Sometimes the present is so overwhelming that one doesn’t have time to think about where one is heading. That’s helpful to the extent it allows our minds to be emptied temporarily of concerns for the future. That complete life in the present moment probably explains why my favorite way to relax is thru outdoor activities, like whitewater canoeing, or backpacking, or trail running. On a whitewater canoe trip, one’s mind is almost always occupied by immediate challenges, like preparing one’s next meal, finding firewood or starting a campstove, creating shelter, and, of course, surviving the rapids ahead. And it’s the same on the trail. Yet inevitably we hit junctions at which we must choose a new course. There’s a fork in the trail. Which way are we to go? Which path are we to take? That’s when clarity about our destination becomes essential. For it’s easy to take the wrong path. For that reason, choosing the right guide, choosing the right exemplar, choosing the right god to follow on our journey, is the most important decision we will ever make in our lifetime.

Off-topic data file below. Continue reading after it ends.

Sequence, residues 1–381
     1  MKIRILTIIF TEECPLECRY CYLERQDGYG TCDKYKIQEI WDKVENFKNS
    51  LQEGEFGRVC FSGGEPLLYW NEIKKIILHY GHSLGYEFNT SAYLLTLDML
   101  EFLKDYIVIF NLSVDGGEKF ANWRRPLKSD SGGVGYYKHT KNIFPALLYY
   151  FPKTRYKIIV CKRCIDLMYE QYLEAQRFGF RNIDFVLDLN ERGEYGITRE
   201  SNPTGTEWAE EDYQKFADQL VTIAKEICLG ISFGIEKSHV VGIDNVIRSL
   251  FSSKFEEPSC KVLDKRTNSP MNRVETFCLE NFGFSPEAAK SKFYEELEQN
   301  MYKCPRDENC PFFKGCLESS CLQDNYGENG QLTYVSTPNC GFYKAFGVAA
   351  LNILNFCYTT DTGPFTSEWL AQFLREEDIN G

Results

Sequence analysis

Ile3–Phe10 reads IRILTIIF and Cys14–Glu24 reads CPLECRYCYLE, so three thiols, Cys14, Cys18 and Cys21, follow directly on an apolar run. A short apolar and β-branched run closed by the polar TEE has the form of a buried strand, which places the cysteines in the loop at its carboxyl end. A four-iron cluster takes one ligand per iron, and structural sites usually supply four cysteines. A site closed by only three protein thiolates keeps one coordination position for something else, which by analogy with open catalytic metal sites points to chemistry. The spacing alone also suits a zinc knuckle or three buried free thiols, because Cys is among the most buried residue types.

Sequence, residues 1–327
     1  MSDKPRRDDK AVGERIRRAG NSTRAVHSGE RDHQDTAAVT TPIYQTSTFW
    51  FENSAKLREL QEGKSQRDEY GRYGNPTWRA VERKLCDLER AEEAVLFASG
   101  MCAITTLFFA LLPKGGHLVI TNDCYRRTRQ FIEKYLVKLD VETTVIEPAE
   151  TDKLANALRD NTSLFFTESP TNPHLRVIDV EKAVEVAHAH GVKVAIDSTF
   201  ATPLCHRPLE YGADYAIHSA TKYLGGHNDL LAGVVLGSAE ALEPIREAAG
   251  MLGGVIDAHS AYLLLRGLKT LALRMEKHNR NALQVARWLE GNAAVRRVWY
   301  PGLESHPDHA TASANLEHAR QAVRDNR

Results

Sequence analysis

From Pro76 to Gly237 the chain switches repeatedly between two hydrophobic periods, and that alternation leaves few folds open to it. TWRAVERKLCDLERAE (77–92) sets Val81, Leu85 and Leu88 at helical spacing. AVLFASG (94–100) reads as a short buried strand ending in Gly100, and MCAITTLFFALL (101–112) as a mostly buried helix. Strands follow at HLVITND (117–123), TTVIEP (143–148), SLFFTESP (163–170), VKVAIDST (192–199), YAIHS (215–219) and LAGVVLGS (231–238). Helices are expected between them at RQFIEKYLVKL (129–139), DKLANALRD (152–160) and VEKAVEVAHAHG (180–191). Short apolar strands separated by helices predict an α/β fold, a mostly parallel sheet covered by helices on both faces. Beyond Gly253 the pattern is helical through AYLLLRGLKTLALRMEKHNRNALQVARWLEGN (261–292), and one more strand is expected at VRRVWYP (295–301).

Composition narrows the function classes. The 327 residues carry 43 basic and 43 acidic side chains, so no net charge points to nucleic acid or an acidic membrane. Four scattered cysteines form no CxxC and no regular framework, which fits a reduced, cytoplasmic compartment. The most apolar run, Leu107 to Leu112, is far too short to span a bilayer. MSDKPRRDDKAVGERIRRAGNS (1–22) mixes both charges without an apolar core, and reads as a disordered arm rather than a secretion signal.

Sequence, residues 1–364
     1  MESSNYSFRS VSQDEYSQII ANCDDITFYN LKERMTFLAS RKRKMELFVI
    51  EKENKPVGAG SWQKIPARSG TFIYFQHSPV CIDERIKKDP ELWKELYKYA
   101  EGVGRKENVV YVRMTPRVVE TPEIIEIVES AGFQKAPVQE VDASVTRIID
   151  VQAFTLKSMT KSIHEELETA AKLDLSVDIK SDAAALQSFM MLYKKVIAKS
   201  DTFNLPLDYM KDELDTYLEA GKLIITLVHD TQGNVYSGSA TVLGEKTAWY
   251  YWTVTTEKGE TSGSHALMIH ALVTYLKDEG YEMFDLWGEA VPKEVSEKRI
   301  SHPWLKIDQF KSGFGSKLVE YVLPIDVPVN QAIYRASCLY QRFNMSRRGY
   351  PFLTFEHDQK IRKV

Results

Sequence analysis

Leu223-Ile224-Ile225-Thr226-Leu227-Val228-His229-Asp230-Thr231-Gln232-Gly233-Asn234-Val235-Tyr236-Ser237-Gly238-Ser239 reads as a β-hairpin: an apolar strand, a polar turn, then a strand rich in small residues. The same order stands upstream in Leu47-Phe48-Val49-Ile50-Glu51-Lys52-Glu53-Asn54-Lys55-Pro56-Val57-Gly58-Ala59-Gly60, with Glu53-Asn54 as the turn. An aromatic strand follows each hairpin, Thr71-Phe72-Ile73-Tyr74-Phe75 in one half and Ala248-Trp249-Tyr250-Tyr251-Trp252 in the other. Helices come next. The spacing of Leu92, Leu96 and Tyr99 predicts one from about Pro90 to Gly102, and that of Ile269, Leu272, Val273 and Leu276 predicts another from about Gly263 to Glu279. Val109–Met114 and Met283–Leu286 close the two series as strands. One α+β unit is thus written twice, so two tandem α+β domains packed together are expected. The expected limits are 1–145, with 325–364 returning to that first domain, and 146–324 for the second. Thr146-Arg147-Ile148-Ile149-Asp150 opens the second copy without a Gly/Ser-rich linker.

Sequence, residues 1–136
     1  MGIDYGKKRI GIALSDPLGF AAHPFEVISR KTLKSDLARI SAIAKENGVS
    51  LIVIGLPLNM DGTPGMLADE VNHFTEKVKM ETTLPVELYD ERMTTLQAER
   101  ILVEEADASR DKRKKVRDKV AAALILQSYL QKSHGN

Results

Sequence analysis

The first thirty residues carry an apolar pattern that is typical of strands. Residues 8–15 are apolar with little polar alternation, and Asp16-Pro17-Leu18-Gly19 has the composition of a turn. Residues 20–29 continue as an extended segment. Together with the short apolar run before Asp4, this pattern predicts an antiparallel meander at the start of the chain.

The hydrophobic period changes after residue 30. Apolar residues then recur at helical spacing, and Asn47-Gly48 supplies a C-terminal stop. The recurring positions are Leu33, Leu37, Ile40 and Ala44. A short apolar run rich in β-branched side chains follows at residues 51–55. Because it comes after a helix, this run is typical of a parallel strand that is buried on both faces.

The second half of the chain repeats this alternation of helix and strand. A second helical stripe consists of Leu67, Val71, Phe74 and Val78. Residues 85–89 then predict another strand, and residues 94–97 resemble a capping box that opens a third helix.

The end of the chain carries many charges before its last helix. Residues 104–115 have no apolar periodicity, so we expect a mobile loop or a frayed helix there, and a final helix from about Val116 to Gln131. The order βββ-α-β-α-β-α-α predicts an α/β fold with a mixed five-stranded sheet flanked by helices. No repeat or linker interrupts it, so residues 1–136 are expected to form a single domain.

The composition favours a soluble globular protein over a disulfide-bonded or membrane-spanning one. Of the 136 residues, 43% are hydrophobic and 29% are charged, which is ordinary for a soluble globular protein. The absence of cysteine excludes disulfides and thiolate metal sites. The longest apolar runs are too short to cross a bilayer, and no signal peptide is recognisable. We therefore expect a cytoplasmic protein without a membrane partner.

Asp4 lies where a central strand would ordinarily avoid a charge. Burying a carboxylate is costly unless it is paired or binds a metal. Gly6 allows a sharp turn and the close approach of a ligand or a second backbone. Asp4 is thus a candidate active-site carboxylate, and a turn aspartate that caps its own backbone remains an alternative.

But we need to thicken this metaphor a bit. For the truth is that life is rarely as simple as suggested by the image of a well-meaning pilgrim standing at a junction using her reason to choose the right path. For the common experience of every generation is that the world is filled with serpents who use their guile to tempt us to choose the wrong path. There are lots of ways to describe this experience of being tempted by gods who aren’t God. Paul describes it as a struggle against “the princes and principalities”, against “the rulers, the authorities,” against “the cosmic powers of this present darkness, against the spiritual forces of evil in the heavenly places.” Flip Wilson famously said, “The Devil made me do it.” And modern psychology has developed its own language of describing the many things that cause us to choose paths that prevent our flourishing. The theological term is sin. And, as Paul said, we don’t mean to, but we can’t help it. However we describe it, whether in biblical terms or modern psychological terms, the tragic truth is that the natural path to the eternal blessedness we seek is blocked. We want to go home, we want to rest in the loving arms of the Father who adores us, but we can’t navigate that path on our own. The natural path is blocked. We’re lost in the wilderness. The good news, however, is that God loves us so much that he’s provided what the Reformers described as a supernatural path. That path is the way of Jesus.